The Master of Custodial Health requires the completion of 80 units, consisting of 40 units of core courses, plus 40 units selected from a list of directed courses relevant to nurses and health professionals working in an advanced role in custodial health.
Download a program plan from the list below for the year/term that you commenced or transitioned into this program.
The Program Plan provides information on the structure and rules of your program. Used in conjunction with your Program Handbook, it is designed to be used as an enrolment guide.
You can track your progress by ticking off the courses you have completed and plan your current and future enrolment.
Students are advised to read their program handbook information in conjunction with the program plans for course sequence/enrolment advice. Please refer to the Program Plan for the year that you commenced, or transitioned into, this program - Program Plans are available above.
Advanced course filters
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Complete the following core courses to fulfil the requirements of this program.
|Code||Title||Term / Location||Units|
|NURS6028||Health and Substance Misuse||10 units|
|NURS6085||Forensic Mental Health||10 units|
|NURS6801||Primary Health Care||10 units|
|PUBH6301||Chronic Disease and Injury Control||10 units|
Complete 40 units from the following courses to fulfil the requirements of this program.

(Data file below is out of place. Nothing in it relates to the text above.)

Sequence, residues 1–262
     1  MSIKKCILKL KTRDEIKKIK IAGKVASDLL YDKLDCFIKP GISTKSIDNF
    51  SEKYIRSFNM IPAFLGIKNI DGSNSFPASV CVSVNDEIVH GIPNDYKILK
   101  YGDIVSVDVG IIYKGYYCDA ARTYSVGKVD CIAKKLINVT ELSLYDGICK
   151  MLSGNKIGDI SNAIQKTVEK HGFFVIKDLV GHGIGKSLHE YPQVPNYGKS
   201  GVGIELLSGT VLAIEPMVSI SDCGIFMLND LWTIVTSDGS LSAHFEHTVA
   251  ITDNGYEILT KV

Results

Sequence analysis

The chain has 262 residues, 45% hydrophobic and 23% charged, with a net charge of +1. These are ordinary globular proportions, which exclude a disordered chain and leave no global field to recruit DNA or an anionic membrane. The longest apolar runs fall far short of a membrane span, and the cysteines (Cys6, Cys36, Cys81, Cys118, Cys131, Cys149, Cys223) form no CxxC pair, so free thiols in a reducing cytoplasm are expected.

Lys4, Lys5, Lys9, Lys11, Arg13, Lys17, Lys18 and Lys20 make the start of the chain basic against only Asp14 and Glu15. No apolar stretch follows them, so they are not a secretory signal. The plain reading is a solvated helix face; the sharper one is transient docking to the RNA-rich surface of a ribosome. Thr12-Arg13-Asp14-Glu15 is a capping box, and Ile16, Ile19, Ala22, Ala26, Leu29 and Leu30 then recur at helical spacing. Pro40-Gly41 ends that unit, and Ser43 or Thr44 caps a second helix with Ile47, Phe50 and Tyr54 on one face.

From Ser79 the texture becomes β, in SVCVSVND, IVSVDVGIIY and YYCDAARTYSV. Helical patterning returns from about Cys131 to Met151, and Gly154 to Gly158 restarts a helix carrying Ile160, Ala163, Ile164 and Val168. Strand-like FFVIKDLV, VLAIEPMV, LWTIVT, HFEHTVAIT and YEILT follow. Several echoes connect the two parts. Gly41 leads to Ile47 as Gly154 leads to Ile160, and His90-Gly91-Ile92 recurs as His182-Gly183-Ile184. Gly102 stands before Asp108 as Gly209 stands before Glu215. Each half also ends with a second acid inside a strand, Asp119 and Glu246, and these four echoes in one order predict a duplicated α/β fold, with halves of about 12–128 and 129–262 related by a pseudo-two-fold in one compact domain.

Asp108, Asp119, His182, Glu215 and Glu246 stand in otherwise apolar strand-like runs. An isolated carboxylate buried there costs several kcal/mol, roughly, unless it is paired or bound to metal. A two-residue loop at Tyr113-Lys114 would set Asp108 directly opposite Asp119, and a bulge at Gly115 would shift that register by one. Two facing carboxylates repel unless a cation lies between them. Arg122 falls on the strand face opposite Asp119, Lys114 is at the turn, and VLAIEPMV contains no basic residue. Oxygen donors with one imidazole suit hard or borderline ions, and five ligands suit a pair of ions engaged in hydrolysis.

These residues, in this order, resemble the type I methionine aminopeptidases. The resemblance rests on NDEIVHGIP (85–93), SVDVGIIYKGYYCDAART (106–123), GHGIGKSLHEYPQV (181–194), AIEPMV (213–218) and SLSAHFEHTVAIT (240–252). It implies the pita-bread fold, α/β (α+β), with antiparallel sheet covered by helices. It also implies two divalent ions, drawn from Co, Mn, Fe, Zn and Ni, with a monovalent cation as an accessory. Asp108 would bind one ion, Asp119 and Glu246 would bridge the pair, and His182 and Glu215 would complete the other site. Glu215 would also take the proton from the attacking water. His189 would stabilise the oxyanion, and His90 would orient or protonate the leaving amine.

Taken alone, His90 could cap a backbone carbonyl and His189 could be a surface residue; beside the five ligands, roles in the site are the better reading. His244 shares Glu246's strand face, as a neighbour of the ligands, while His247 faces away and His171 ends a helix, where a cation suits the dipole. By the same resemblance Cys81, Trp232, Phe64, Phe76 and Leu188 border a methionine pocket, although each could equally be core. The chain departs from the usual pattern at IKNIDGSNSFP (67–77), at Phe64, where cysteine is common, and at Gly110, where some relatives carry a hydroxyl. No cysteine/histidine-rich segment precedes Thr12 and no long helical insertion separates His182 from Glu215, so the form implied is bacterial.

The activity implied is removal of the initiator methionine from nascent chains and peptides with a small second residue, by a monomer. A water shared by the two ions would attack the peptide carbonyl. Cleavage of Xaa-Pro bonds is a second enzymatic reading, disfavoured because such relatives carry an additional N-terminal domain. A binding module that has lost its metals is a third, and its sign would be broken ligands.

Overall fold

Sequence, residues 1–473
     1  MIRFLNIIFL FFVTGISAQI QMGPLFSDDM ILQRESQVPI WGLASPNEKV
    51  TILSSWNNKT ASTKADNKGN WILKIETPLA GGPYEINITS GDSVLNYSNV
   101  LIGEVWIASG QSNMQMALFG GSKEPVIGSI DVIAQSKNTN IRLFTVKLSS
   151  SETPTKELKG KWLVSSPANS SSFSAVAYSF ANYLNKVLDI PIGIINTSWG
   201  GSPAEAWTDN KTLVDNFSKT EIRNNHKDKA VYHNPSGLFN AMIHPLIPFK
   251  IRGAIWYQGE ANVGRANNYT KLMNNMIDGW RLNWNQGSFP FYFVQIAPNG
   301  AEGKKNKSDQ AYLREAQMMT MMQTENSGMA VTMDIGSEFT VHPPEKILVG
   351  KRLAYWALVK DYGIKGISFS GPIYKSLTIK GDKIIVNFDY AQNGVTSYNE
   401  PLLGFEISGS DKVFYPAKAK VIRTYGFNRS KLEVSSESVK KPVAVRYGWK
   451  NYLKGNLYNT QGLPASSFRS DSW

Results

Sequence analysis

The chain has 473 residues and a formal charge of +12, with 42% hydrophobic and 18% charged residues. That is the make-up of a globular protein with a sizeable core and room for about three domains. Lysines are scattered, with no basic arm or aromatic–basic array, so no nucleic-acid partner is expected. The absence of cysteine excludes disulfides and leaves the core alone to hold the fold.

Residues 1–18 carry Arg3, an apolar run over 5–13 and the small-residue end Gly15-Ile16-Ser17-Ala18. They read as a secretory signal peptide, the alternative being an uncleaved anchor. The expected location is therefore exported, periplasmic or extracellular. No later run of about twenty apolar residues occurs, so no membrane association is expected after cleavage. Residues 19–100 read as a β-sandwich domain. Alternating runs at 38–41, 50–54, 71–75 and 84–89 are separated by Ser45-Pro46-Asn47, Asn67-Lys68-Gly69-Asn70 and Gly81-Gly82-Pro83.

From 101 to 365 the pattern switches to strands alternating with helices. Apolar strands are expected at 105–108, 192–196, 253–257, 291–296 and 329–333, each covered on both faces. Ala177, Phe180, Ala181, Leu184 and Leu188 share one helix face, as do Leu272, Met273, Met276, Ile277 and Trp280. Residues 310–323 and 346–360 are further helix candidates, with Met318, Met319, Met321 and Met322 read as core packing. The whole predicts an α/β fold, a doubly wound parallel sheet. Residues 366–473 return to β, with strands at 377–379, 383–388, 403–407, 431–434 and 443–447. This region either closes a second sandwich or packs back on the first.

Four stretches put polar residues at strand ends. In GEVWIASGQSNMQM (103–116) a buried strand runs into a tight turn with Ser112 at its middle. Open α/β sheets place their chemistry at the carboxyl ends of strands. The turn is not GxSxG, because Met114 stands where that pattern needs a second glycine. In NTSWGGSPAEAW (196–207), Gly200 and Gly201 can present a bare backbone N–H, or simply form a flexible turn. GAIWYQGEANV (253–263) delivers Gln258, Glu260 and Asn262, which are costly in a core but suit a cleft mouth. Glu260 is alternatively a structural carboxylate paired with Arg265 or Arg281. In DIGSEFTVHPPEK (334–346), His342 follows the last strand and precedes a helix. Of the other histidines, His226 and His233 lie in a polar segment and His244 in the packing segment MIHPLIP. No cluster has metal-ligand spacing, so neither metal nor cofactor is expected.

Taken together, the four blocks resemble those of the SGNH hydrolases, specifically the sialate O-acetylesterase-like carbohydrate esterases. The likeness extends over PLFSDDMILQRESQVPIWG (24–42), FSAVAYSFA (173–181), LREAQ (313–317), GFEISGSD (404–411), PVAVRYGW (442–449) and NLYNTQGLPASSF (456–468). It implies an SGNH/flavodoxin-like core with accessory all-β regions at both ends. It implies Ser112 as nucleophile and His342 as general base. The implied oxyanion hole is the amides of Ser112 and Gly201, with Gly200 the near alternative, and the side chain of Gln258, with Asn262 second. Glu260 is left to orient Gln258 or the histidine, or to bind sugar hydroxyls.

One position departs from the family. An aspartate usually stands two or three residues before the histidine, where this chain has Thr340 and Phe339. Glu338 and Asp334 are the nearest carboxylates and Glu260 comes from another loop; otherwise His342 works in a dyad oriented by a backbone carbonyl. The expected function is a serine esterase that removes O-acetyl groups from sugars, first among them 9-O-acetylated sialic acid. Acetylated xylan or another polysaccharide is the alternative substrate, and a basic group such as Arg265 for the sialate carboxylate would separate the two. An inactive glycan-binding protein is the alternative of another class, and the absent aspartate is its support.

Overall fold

|Code||Title||Term / Location||Units|
|INDH6007||Investigating Aboriginal and Torres Strait Islander Health in the public health context||Not currently offered||10 units|
|NURS6026||Youth and Young Adult Mental Health: 12 to 24 Years||10 units|
|NURS6035||Therapeutic Engagement and Psychosocial Interventions||10 units|
|NURS6061||Contemporary Mental Health||10 units|
|NURS6900||Introduction to Research in Health Care||10 units|
|NURS6910||Knowledge Translation in Health Care||10 units|
Aboriginal and Torres Strait Islander students can draw on the assistance and support provided by the Indigenous Student Support and Development service through the Wollotuka Institute.
AccessAbility provides advice and reasonable adjustments to Students with a medical or health condition or disability. If you require adjustments to undertake your program, contact the Student Support Advisors - AccessAbility before semester or early in the semester. They will work with the College or School to ensure that this happens in a timely manner.
Please note: All students must fulfil the inherent requirements of the programs and courses they are undertaking. While reasonable adjustments can be made, these adjustments cannot compromise academic integrity. It is the student's responsibility to check all the requirements of courses, and consider the effects of any medical condition or disability on their ability to complete course requirements. More information is available online.
The University of Newcastle acknowledges the traditional custodians of the lands within our footprint areas: Awabakal, Darkinjung, Biripai, Worimi, Wonnarua, and Eora Nations. We also pay respect to the wisdom of our Elders past and present.